[Ads-l] Query on appositive nouns

Cohen, Gerald Leonard gcohen at MST.EDU
Fri Aug 7 18:54:27 UTC 2015


I received the query below from another listserv and immediately thought of English examples
of the type: (Young woman A): "Mike Tyson asked me out." (Young woman B, incredulously): "Mike Tyson Mike Tyson?!!"  Or: "It's the same old same old." 

Can anyone help him out with references to the literature on this topic in English? It may serve as good background information for his thesis.

Gerald Cohen 
Missouri University of Science & Technology
cc. Cammeron Girvin 

________________________________________
From: Cammeron Girvin [cgirvin at berkeley.edu]
Sent: Friday, August 07, 2015 12:50 PM
To: SEEFA at LSV.UKY.EDU; slavicling at utlists.utexas.edu
Subject: appositive nouns in folk texts

Dear colleagues (with apologies for cross-posting),

I’m writing a dissertation on the linguistic patterns of South Slavic folk songs, and I’ve encountered a number of instances of a peculiar structure. Essentially, this consists of two appositive nouns, often appearing in transcription with a dash between the two. They are either two words with the same meaning but different roots, as in Bulgarian:

Ой те тебе, пътниче-друмниче — ‘Oh, you, traveler-traveler’
Че ний сме немци-германци — ‘For we are the Germans–Germans'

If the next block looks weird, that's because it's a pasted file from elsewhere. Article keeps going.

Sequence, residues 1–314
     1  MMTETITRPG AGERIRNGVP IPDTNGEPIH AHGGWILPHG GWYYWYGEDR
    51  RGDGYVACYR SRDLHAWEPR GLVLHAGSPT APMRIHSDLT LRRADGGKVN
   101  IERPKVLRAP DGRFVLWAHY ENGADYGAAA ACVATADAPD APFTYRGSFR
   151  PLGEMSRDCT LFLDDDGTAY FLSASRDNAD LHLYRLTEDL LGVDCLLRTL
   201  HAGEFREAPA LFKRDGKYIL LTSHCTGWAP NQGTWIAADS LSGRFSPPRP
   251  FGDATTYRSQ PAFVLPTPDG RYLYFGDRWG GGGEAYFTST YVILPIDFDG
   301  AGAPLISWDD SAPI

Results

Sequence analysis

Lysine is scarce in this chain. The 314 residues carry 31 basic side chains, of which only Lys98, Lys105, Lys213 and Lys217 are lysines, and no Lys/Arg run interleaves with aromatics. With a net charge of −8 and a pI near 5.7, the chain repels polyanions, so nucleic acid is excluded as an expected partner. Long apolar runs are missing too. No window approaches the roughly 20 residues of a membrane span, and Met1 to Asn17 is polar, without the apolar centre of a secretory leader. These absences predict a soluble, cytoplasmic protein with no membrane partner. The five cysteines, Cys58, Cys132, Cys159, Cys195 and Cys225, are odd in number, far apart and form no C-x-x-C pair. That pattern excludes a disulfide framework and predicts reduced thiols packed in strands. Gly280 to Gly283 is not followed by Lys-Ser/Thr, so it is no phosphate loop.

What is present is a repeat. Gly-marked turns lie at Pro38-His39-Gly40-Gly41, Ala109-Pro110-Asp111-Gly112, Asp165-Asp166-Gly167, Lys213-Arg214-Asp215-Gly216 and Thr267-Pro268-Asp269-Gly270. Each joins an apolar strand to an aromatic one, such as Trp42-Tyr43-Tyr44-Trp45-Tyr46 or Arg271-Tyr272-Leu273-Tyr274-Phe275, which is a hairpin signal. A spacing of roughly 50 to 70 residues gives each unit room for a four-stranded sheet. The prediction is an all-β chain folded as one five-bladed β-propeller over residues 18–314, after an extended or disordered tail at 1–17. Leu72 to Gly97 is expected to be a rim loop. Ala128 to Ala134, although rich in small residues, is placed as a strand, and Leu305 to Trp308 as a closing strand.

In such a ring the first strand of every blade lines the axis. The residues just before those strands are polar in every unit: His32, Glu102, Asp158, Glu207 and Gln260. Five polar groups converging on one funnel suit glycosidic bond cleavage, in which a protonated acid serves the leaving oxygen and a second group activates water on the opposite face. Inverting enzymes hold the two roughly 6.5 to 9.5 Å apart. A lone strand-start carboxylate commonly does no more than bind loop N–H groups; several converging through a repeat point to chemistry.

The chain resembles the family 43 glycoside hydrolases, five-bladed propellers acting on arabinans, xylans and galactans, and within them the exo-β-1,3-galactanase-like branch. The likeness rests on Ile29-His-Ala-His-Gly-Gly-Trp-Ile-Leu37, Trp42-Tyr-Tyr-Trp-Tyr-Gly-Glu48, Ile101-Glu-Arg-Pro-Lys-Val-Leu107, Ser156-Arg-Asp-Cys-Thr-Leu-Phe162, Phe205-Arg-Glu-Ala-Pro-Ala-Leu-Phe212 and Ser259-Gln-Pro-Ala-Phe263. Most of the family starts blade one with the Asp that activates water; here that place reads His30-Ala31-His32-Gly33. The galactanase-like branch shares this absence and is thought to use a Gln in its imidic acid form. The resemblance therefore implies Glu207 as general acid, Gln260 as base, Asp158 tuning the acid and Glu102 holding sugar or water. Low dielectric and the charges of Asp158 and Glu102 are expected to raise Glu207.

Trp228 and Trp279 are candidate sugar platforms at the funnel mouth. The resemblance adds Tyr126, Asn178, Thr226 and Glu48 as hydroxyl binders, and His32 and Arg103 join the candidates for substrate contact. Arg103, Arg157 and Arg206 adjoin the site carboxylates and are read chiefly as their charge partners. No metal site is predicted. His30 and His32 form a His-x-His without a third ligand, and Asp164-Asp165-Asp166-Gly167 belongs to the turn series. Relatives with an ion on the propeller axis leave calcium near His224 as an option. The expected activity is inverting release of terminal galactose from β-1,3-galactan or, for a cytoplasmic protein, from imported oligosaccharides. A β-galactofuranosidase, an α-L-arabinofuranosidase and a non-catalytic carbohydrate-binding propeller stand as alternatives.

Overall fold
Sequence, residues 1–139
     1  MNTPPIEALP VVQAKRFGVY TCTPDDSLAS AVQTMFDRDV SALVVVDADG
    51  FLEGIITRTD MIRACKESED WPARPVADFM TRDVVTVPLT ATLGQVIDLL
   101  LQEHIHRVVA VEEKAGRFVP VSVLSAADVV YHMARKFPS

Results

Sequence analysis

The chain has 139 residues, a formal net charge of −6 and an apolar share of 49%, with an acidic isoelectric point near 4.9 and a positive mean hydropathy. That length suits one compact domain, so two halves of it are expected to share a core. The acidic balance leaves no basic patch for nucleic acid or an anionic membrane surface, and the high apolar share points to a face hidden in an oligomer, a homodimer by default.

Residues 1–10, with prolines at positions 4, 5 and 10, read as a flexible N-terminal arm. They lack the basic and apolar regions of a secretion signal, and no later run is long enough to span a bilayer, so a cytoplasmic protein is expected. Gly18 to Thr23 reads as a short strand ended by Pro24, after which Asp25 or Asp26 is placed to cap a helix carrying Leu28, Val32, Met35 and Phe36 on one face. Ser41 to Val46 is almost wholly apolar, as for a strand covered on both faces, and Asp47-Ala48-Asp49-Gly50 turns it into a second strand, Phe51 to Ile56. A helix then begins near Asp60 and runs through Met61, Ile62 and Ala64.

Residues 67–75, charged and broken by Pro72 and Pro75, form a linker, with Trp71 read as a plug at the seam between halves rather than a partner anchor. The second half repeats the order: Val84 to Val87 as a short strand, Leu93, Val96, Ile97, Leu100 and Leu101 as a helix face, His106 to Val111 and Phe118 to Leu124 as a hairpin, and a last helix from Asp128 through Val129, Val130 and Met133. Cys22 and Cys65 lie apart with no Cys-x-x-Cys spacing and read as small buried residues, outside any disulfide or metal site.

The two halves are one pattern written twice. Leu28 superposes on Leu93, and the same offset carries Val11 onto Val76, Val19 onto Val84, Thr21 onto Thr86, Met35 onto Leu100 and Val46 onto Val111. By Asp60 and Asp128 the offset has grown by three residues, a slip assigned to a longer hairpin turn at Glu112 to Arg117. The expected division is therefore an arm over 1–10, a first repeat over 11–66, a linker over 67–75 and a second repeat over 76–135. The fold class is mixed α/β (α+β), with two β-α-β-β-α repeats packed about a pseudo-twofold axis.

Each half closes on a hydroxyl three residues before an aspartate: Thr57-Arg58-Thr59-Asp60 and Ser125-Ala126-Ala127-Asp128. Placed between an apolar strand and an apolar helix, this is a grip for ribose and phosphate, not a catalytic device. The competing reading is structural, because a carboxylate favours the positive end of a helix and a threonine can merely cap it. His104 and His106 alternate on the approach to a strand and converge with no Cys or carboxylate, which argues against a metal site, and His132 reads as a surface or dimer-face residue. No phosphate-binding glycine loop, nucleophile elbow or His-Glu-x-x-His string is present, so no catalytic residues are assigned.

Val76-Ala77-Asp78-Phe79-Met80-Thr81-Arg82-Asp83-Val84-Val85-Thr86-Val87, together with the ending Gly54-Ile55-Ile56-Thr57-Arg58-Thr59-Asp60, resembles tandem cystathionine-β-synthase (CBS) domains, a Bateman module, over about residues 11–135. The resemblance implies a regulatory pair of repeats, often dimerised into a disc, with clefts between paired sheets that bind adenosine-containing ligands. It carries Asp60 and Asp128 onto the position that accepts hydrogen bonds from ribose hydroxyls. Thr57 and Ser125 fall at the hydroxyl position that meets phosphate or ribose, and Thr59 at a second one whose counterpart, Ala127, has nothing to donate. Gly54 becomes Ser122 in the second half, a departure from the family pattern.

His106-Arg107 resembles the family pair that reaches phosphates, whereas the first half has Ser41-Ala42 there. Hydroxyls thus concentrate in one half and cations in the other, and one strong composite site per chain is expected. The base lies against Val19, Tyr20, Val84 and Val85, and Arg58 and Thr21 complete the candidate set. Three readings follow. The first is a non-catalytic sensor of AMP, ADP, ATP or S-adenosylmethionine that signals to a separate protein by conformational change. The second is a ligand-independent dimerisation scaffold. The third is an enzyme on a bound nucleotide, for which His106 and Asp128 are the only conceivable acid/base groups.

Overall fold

or two nouns where one is more general and one is more specific:

вземайте пушки-маузери — ‘take your guns-Mauser.guns’
ожени се за една мома унгарка — ‘he married a maiden-Hungarian.woman’

(These are from WWII Partisan songs.)

I’m wondering to what extent such a phenomenon is encountered in traditions of other languages and genres. More critically, I’m hoping to find out whether there’s some sort of accepted term for such a device that would lead me to other scholars’ analyses of the phenomenon. It’s occurred to me that a few English diminutive formations like “puppy dog” and “bunny rabbit” do this, but I’m unaware of any formal analyses of such structures.

Any leads that would help me link this to a broader discussion would be most welcome!

Sincerely,

Cammeron Girvin
Ph.D. Candidate
UC Berkeley, Slavic Languages & Literatures
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